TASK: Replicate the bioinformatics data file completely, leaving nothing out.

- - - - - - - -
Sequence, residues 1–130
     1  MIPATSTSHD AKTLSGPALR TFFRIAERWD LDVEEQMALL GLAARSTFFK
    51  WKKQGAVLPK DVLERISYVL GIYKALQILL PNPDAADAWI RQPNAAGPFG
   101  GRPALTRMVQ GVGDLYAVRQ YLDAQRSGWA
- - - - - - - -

Sequence, residues 1–130
     1  MIPATSTSHD AKTLSGPALR TFFRIAERWD LDVEEQMALL GLAARSTFFK
    51  WKKQGAVLPK DVLERISYVL GIYKALQILL PNPDAADAWI RQPNAAGPFG
   101  GRPALTRMVQ GVGDLYAVRQ YLDAQRSGWA